Moments of awe make me feel alive. Everything contains wonder, can become mysterious again–bigger, unknowable, if we have eyes to see it, if we allow ourselves to enter that place of being in our minds? The wide sky and swirling birds, your child sleeping in the room next door, your parents’ love touching you now–reaching from all the way back through the years of your childhood, your breath rhythmically persisting without ever having to be directed– all of these, and a thousand other experiences are examples tinged with wonder where we can allow ourselves to let go into an awareness of life’s great gift.
Encounters with death, too, can be moments to bring us back into an awareness of wonder. Steve Jobs explains in this short video, that knowing he was going to die was the best tool he encountered to enable him to realize what is truly important in life. “All external expectations–pride, fear of embarrassment and failure fall away in the face of death. There is no reason not to follow your heart,” says Jobs.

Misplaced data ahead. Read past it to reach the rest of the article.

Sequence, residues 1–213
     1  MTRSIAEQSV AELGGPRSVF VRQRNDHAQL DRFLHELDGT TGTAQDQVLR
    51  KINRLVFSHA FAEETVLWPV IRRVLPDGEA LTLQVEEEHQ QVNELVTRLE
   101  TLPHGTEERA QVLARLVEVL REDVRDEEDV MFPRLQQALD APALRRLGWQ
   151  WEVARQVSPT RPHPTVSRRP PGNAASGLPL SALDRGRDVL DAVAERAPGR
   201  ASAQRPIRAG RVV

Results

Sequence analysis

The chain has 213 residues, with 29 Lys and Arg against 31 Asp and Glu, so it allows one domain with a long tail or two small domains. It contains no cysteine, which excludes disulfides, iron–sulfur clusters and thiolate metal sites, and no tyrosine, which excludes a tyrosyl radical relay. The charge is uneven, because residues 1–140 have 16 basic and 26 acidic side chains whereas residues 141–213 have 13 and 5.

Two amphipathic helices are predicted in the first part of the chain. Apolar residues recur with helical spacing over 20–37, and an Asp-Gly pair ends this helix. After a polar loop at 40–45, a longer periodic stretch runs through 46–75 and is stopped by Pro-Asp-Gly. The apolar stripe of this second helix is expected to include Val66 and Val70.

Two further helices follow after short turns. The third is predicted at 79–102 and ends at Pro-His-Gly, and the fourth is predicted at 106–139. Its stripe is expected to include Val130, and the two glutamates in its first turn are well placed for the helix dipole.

Dragonflies in many parts of the world are considered a symbol of change whose source is based in a deeper understanding and insight of life that comes from looking beyond the surface. All those dragonflies with their eyes that see 360 degrees swirling beneath the open window of sky, maybe it’s the universe’s way of saying, “Open your heart. Walk out a bit further into the unknown, the irrational, and dare to learn more of what it is you are here on earth for. Buechner in Now and Then, a Memoir of Vocation, says, “Listen to your life. See it for the fathomless mystery it is. In the boredom and pain of it, no less than in the excitement and gladness: touch, taste, smell your way to the holy and hidden heart of it, because in the last analysis all moments are key moments, and life itself is grace.” This week, I want to consciously take moments in my day to look for wonder, and to open my heart to the world.